The Palmetto State's freshest seafood and agricultural produce is just a mouse click away through an interactive tool now available in South Carolina.

South Carolina Market Maker is an online resource that puts the state's agricultural products and from-the-boat seafood in the hands of consumers.

Bringing Market Maker to South Carolina is a cooperative effort between Clemson University Public Service Activities, the South Carolina Department of Agriculture, the South Carolina Sea Grant Consortium and the U.S. Department of Agriculture Natural Resources Conservation Service.

From a farmer looking for a place to sell fresh-grown baby greens to a grocery store manager who wants to stock his coolers with locally caught shrimp, Market Maker's online interactive mapping system can locate businesses and products across the Palmetto State.

The innovative tool provides an important link for producers and consumers, said R. David Lamie, Extension specialist at the Clemson Institute for Economic and Community Development, who is leading the project in South Carolina.

Details can be summarized on a map to show concentrations of consumer markets and strategic business partners. Providing the information in a map-based format, in addition to lists and tables, makes for a more effective and user-friendly tool, Lamie said.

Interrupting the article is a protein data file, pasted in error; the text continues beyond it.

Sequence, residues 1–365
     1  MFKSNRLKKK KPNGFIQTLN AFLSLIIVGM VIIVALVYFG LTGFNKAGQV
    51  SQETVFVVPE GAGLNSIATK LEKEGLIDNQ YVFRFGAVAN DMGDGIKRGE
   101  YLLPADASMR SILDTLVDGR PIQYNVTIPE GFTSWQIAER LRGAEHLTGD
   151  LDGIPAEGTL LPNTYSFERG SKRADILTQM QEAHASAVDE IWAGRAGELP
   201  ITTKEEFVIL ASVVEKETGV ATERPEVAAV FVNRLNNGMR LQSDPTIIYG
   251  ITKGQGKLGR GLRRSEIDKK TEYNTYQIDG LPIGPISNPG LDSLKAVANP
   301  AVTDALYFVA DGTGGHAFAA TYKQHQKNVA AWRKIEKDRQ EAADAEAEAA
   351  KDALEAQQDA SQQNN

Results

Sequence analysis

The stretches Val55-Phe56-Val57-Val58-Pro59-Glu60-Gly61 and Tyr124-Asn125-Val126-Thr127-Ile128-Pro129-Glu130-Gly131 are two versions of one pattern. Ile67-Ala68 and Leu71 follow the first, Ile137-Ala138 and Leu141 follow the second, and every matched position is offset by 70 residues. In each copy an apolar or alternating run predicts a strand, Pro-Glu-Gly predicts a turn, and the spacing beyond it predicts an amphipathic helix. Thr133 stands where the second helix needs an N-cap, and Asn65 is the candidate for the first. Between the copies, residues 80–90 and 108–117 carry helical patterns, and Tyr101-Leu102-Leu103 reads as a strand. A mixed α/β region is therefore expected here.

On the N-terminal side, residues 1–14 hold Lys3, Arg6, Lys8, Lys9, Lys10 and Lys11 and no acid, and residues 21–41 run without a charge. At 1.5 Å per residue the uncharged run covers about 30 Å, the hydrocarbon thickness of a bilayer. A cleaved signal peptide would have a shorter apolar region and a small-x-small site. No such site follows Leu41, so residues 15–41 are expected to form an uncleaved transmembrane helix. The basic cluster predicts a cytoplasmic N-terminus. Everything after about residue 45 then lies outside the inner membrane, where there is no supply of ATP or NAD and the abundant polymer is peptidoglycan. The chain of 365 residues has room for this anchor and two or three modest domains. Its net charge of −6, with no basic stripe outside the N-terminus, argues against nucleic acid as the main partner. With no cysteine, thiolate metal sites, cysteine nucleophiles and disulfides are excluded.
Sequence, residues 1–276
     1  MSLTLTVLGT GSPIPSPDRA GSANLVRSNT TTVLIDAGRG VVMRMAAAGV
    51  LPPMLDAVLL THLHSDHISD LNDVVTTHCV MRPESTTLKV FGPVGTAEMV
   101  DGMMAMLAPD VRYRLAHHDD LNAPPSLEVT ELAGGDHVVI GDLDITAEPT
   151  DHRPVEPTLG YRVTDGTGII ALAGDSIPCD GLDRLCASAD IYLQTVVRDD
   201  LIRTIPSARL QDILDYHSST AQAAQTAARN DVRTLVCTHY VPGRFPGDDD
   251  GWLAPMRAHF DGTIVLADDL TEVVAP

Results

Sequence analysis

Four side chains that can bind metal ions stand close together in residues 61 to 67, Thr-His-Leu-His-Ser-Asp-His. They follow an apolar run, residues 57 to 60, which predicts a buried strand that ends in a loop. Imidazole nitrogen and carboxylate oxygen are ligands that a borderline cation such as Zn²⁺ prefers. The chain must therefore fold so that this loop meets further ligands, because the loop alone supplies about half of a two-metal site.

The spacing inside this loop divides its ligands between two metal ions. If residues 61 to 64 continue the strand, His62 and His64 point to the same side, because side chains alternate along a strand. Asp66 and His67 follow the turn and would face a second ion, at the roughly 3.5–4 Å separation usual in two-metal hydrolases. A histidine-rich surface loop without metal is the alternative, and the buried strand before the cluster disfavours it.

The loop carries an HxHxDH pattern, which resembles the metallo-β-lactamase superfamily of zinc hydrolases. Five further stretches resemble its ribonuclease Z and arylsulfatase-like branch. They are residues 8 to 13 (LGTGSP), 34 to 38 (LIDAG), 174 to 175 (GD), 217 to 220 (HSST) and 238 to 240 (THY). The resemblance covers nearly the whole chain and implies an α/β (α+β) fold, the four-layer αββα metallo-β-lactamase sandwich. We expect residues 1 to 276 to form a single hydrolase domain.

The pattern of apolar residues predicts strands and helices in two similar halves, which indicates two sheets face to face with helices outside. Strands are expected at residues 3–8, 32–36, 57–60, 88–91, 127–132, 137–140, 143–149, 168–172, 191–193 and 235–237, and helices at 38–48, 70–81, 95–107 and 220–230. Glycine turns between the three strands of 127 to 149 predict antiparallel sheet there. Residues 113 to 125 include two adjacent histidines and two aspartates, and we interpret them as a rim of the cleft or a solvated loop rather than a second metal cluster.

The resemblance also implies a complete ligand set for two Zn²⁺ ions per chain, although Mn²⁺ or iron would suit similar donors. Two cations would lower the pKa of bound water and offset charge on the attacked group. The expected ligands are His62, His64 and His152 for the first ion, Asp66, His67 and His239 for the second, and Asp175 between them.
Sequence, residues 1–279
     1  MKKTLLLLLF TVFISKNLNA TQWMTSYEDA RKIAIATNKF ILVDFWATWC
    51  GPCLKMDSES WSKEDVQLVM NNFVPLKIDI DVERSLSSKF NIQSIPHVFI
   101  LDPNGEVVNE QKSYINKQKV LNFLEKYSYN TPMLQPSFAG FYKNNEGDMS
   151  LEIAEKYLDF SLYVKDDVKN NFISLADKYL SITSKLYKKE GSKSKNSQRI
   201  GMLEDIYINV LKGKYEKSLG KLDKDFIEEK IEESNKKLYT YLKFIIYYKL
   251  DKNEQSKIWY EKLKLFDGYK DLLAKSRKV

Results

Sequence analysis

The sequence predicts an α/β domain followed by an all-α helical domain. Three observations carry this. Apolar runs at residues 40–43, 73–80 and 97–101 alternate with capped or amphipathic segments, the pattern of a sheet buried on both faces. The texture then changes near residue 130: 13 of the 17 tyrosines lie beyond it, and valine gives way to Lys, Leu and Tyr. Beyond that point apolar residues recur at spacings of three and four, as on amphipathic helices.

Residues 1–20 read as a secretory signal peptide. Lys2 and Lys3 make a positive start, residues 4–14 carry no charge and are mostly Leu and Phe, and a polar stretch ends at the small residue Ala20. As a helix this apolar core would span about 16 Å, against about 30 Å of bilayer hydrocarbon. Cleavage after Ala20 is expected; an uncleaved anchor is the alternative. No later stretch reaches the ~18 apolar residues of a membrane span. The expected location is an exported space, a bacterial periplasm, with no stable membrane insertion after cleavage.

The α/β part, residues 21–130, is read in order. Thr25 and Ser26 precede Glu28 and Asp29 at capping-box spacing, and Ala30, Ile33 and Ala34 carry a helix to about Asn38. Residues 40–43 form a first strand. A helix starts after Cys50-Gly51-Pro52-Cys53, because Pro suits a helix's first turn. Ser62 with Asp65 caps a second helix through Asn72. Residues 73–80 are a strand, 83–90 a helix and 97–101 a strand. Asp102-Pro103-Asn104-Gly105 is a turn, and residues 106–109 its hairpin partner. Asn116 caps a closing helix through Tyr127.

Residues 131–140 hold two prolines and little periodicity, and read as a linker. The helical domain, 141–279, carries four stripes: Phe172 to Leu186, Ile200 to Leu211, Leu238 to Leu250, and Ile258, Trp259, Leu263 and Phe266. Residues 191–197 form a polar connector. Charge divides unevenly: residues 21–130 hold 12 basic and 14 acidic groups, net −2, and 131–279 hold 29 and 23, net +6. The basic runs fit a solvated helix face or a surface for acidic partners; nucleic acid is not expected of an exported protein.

Census and other data to help producers identify niche markets also is a feature of the site. For example, a producer wanting to sell meat to Hispanic consumers can request a map showing the greatest concentration of upper-income Hispanic households, and then request a complete demographic profile of those locations. A chef who wants to buy wild-caught fish for his restaurant can search for local commercial operators in the state.

"This online tool will help the state's agriculture and seafood industries reach new markets and help consumers find just what they are looking for," Lamie said.

Market Maker was created in 2004 by the University of Illinois Extension sevice after a group of livestock producers said they wanted to supply quality meats to grocery stores in Chicago.

The initiative has grown to contain more than 500,000 farmers and other food-related enterprises in more than a dozen states.

The program connects all elements of the food chain — from farmers and fishermen to processors and distributors — so they can more efficiently conduct business. If a chef wants to buy only local shrimp, Market Maker can help make the connections.

Hugh Weathers, South Carolina Commissioner of Agriculture, said that making these connections, particularly between producers and consumers, is vital to the success of Palmetto State agribusiness.

"Market Maker compliments our 'Certified South Carolina Grown' marketing and branding program, which encourages consumers to buy South Carolina produce and seafood," Weathers said. "Nothing's fresher. Nothing's finer. Market Maker expands the free resources that are available to food buyers and the general public."

Niles Glasgow, South Carolina Natural Resources Conservation Service state conservationist said, "NRCS works with small and limited resource farmers to help them meet specific market niches. Market Maker is a great tool that will expand their opportunities for exposure and profit."

To register a business or search the Market Maker database, visit http://sc.marketmaker.uiuc.edu/.

For the national Market Maker site, visit http://national.marketmaker.uiuc.edu/.